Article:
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Demonstrators Call for Ban on Central Park Horse-Drawn Carriages


By VERENA DOBNIK - Associated Press Writer

September 21, 2006

NEW YORK -- Angry animal rights activists gathered Thursday with a message for horse-drawn carriage owners: Nay.

Upset by last week's death of a carriage horse in Central Park, protesters demonstrated outside City Hall in a call for a citywide ban on the popular tourist attraction. Juliet, a horse that spent 17 years taking visitors through the park, died Sept. 15 after collapsing hours earlier before a crowd of onlookers.

"Manhattan's streets are no place for a horse," said Michael McGraw, spokesman for People for the Ethical Treatment of Animals. "It's hard enough to navigate on two feet, with the honking, the noise and the traffic fumes."

Juliet, whose owner said she was probably stricken with colic, was the second carriage horse to die on city streets this year. A horse named Spotty was put down in January after becoming spooked and running into a car, injuring itself, the driver and two passengers.

The American Society for the Prevention of Cruelty to Animals was performing a necropsy on Juliet to determine what killed her.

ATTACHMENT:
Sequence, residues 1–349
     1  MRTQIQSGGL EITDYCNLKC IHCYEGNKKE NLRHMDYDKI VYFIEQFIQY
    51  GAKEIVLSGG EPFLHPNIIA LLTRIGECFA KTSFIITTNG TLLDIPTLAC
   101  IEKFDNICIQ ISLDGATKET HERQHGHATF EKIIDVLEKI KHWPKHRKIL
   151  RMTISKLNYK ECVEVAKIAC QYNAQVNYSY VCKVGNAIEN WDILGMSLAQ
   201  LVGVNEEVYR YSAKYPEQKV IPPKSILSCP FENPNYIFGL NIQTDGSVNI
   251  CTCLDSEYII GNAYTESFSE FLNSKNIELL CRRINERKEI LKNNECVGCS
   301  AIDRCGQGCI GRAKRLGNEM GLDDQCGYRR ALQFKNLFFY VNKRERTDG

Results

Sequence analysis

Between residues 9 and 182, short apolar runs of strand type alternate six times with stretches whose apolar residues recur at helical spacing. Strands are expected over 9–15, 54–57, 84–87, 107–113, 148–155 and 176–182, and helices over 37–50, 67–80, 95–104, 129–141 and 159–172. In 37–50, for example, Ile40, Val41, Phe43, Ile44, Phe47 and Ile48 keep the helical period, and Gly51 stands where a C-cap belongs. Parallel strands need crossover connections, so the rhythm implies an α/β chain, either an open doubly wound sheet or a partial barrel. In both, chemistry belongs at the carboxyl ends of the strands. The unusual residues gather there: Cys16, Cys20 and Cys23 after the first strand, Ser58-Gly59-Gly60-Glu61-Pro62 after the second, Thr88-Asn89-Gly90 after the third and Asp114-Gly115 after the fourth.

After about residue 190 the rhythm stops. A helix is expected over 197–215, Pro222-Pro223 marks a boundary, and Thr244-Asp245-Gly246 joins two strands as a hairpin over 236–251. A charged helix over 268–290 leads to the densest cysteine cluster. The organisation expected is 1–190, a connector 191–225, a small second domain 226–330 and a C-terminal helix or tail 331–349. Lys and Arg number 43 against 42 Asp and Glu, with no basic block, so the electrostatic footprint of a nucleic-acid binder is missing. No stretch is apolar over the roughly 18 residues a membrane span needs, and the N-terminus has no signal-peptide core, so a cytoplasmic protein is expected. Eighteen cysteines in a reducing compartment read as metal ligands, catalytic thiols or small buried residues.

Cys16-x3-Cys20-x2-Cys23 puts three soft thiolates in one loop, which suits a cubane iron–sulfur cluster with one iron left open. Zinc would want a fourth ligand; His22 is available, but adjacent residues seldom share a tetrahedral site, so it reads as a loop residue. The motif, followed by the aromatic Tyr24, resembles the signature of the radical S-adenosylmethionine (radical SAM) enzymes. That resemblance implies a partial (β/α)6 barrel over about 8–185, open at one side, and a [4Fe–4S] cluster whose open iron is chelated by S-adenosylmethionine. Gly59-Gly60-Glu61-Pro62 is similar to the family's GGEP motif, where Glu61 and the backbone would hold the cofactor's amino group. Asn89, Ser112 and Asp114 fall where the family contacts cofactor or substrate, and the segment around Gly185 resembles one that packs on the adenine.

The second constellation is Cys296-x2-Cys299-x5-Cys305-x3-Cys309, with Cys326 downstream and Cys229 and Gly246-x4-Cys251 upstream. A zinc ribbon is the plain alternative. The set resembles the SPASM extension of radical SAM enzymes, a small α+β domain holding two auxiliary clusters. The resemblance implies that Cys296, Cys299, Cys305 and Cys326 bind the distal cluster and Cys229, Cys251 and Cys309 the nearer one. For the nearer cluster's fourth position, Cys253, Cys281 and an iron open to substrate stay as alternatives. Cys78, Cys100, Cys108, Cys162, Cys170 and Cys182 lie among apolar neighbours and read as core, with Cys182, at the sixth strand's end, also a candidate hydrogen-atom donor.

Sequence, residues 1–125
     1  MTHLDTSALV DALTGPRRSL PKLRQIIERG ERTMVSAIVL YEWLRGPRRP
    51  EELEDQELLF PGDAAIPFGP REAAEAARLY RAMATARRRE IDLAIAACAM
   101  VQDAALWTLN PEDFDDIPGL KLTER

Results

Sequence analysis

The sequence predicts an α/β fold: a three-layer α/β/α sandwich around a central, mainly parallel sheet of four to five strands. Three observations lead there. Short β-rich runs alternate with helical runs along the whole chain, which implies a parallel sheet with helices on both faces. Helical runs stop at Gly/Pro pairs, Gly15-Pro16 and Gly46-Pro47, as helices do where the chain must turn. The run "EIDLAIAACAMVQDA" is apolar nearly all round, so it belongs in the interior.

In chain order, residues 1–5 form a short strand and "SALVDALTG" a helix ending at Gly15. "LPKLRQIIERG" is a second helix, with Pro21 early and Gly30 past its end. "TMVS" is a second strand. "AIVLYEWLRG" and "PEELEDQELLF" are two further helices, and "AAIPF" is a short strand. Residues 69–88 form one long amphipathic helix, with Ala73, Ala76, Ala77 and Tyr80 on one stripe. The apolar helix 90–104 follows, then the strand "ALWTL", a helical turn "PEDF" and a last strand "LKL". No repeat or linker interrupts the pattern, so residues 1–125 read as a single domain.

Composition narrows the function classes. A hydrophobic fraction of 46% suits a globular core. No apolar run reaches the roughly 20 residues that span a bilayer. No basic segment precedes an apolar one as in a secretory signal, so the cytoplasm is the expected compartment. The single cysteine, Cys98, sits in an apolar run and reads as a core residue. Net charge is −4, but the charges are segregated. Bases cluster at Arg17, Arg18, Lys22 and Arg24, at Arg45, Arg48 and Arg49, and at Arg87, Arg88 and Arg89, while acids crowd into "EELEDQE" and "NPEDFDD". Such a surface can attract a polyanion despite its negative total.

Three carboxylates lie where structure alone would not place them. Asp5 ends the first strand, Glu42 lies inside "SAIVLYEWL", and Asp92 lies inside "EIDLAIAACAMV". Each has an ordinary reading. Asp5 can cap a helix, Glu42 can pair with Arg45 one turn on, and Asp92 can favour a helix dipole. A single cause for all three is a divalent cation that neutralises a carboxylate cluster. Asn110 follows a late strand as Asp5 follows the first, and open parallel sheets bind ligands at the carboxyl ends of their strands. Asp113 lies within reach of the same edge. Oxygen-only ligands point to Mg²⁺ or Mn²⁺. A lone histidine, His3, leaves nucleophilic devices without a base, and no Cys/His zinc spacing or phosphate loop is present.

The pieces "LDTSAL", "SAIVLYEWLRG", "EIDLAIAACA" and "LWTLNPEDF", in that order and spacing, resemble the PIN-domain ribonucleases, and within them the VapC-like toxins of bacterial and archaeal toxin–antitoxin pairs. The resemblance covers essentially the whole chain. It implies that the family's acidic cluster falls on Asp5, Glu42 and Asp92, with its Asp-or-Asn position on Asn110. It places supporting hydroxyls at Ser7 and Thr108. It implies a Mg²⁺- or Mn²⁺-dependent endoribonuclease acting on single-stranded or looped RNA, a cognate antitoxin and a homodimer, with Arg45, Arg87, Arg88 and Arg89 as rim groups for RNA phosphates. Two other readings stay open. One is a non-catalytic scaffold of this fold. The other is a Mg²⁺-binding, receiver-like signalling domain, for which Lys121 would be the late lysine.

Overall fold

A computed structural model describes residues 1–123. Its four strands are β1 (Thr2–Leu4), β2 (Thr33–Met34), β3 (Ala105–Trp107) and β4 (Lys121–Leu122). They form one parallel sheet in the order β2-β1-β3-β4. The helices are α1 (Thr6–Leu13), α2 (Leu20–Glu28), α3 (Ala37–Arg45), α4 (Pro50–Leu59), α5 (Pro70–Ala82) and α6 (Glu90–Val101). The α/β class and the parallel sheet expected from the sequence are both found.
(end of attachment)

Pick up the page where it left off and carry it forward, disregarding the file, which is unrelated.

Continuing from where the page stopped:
A few dozen demonstrators joined McGraw, with some waving signs that read, "There's no excuse for horse abuse." But in Central Park, carriage drivers said the horses were anything but mistreated.

"The horses live in a regular stable, like any on a farm," said Frankie Menlo, of Brooklyn. "And it's air conditioned."

The animals are rotated out of the city to a Pennsylvania farm every few months to let them rest, Menlo said. He was atop one of several hansom cabs lined up on Central Park South, where tourists pay $34 for a half-hour ride through the park.

Driver Mario Angelucci said the tourists can't believe the "mentality" of some New Yorkers toward one of the city's enduring attractions.

"It's only in Manhattan you hear this," Angelucci said of complaints about the horses' welfare.

McGraw said letters were sent to Mayor Michael Bloomberg and the City Council about the call for a ban. But Bloomberg said eight months ago that the carriages were monitored by a pair of city agencies and several animal welfare leagues and weren't going anywhere _ except back through Central Park.

Copyright 2006 Newsday Inc.

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